This vendor-written tech primer has been edited by Network World to eliminate product promotion, but readers should note it will likely favor the submitter's approach.
While my co-founders and I were in business school, we saw firsthand how painful and frustrating it is to be involved in the application development process from the business side. So we set out to improve collaboration between IT and the business and to make development radically faster and simpler while ensuring project success.
Here are the seven keys to successful IT/business collaboration.
1. Focus on the business problem, not the customer envisioned solution. The customer's view of what is possible is often limited by the tools or technology with which they have prior experience. In other words, what they might think is the best way of doing something might not be the best way at all.
It is the responsibility of business engineers — a term we use to refer to non-professional developers who are business savvy, yet have some affinity for technology — to understand the business problem and design the best solution. Business engineers are in a unique position to do so because they possess a deep understanding of the business as well as capabilities of the platform.
One example of a client that was boxed in by previous tools was a large health insurance company. The business problem they were trying to solve was an automated way to collect information from customers. Their envisioned solution was distributing and collecting Excel sheets — simply because they didn't realize how easy it would be to build a specific web-based interface for customers that is also tied to their existing back-end system. By adding a user role, security rules, and optimized forms, a high-quality interface was built for a fraction of the cost and resulting in a much more scalable and user-friendly solution compared to the Excel alternative.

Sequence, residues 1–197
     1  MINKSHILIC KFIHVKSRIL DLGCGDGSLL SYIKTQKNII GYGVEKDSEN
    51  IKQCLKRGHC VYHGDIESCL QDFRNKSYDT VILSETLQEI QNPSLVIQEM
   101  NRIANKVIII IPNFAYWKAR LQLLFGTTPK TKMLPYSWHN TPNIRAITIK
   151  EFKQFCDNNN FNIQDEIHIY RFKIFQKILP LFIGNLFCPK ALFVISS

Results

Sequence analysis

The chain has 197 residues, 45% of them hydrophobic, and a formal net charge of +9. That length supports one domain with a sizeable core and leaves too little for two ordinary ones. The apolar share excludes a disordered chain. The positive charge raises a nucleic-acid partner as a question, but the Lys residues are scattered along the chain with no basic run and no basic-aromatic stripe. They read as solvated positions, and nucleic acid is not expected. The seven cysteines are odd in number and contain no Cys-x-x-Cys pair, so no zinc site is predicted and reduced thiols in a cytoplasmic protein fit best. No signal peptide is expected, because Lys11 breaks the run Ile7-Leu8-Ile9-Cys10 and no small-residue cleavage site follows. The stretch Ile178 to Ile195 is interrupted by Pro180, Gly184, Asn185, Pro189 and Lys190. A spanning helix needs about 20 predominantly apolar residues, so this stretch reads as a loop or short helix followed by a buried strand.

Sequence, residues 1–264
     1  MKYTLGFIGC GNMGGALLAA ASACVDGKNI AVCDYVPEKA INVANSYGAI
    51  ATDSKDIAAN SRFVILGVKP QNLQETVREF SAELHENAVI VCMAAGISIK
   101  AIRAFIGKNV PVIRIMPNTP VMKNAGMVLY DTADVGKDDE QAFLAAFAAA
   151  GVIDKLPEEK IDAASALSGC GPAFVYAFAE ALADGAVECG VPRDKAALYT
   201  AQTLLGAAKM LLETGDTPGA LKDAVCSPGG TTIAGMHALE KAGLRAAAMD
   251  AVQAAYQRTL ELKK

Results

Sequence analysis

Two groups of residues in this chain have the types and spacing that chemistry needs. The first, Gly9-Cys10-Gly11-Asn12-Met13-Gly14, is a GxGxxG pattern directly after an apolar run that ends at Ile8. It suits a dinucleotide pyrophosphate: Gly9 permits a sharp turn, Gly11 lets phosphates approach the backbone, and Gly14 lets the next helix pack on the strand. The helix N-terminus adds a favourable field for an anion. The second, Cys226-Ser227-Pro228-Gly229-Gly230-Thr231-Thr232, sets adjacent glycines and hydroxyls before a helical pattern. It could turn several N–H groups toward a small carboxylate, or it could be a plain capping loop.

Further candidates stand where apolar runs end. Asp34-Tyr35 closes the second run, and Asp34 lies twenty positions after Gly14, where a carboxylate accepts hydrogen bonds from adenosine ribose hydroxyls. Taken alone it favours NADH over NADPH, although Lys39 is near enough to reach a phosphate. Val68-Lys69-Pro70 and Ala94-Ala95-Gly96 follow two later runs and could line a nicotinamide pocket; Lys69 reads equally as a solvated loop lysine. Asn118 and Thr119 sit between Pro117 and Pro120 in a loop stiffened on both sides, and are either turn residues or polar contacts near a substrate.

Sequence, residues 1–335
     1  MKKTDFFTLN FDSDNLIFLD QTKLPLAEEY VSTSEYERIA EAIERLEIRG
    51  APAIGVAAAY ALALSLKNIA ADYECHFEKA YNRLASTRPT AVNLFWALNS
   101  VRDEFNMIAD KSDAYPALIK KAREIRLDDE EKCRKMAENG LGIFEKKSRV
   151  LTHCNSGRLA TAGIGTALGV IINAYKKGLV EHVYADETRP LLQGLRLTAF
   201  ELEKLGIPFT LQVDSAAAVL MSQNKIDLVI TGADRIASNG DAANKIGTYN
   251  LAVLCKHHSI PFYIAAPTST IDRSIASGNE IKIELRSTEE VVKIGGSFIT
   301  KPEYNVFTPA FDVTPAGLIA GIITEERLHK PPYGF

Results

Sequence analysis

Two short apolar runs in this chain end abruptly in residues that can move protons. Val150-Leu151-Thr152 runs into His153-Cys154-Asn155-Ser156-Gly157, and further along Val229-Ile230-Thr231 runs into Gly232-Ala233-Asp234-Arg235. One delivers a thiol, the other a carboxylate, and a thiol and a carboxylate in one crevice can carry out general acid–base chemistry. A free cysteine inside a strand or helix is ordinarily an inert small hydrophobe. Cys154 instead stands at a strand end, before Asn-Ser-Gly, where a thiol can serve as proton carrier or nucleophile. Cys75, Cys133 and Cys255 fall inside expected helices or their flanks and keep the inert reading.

2. Divide work based on user stories instead of specialties. The latter is a more traditional way of approaching application development, where specific team members each focus on specific technical areas, such as database/data model, UI, etc. This isn't the most efficient way to work because business engineers can typically complete 80% to 100% of the work themselves, with the exception of some very technical topics (such as styling or integration).
Instead of dividing tasks based on specialties, project work should be divided based on user stories, a term used in scrum or agile development methodologies to refer to a specific feature or piece of functionality written in in the everyday language of the end user (one format is "As a <role>, I want <goal/desire> so that <benefit>."). These stories should be developed by one or more business engineers as a whole. This way, every business engineer develops a full working piece of functionality each sprint rather than working on a certain activity. In the process, they're able to better focus on the business solution (see point #1) and deliver the best solution, versus simply completing his/her assigned task. The result is better software and happier end users.
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